Eating at a steak house used to be an exercise in masculinity. The quality of the experience was determined by how ancient the waiters were, how gruff the service was and how few choices were on the menu. The steak—invariably USDA prime or Black Angus—came second, more as prop for conversation and an excuse for male bonding. Like a set piece passed on one’s way into the dining room.
That’s all changed. Now the best steak houses are helmed by touchy-feely types who can—and will—tell you the life story of each cow that crosses your plate. In fact, the life of the cow has become just as important (if not more important) as the quality of the char. What the cow ate, where it ate, how it lived and how it died have become the indicators of quality.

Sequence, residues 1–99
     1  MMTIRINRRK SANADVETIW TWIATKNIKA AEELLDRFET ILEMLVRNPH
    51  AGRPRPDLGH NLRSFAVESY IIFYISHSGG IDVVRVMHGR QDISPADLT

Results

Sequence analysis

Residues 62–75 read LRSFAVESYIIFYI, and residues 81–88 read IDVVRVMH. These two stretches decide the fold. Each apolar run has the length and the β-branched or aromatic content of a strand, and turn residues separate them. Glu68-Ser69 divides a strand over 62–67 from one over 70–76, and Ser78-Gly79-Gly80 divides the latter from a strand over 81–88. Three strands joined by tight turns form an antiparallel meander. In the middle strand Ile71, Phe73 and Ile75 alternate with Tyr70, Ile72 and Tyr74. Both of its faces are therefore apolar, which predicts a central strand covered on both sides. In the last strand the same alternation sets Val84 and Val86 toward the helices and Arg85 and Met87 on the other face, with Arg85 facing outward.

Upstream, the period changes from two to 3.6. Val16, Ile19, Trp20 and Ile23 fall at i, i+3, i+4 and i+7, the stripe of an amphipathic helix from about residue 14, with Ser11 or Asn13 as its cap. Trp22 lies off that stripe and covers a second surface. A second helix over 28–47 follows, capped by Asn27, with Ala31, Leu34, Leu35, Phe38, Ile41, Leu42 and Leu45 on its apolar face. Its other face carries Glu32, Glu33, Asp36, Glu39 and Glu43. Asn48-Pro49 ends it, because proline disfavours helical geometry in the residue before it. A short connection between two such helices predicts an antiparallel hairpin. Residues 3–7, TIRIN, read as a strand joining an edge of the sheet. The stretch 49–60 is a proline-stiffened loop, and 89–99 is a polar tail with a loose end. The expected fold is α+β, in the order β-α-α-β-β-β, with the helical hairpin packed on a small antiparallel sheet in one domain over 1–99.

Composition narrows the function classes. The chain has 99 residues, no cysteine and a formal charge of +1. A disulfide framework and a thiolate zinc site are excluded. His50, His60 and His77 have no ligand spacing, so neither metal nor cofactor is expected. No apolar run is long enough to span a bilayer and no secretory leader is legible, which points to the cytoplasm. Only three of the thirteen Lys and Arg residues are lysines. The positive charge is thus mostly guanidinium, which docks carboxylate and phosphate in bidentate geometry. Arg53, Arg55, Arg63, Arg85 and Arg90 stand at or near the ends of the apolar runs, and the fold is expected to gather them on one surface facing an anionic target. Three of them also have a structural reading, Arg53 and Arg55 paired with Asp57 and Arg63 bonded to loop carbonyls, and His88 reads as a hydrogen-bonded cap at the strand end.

A prime example is Brooklyn’s St. Anselm, which owner Joe Carroll insists it’s not a steak house, even though lines form for his red meat. Carroll, who sources his beef from Oregon’s Masami Ranch, can talk all about the relationships between steer and farmer, farmer and land and farm to table. Meanwhile, in Montreal, all ingredients in Joe Beef’s kitchen fall into the co-owners Fred Morin and David Macmillan’s philosophy of “if we can drive there in the afternoon.”
The ways in which steaks are being prepared has become more innovative, too. Take, for example, the a la carte steak menu at Portland’s Laurelhurt Market, which is also a butcher shop. The meat comes from local purveyors and is served in all kinds of fancy ways, from steak frites to grilled flat iron steak to grilled rib eye to 12-hour smoked wagyu brisket.
To get a taste for this new kind of beef, here are steaks to eat before you die—from eating too much steak.